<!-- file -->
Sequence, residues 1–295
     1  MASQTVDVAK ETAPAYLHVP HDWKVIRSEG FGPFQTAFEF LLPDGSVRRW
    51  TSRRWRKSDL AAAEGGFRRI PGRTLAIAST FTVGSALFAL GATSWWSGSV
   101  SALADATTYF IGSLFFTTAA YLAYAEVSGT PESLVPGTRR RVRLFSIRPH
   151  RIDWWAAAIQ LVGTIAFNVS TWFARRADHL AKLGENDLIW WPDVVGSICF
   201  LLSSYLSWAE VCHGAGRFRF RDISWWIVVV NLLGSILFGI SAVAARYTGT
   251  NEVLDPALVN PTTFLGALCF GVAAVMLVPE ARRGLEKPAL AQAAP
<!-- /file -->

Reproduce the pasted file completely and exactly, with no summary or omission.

Sequence, residues 1–295
     1  MASQTVDVAK ETAPAYLHVP HDWKVIRSEG FGPFQTAFEF LLPDGSVRRW
    51  TSRRWRKSDL AAAEGGFRRI PGRTLAIAST FTVGSALFAL GATSWWSGSV
   101  SALADATTYF IGSLFFTTAA YLAYAEVSGT PESLVPGTRR RVRLFSIRPH
   151  RIDWWAAAIQ LVGTIAFNVS TWFARRADHL AKLGENDLIW WPDVVGSICF
   201  LLSSYLSWAE VCHGAGRFRF RDISWWIVVV NLLGSILFGI SAVAARYTGT
   251  NEVLDPALVN PTTFLGALCF GVAAVMLVPE ARRGLEKPAL AQAAP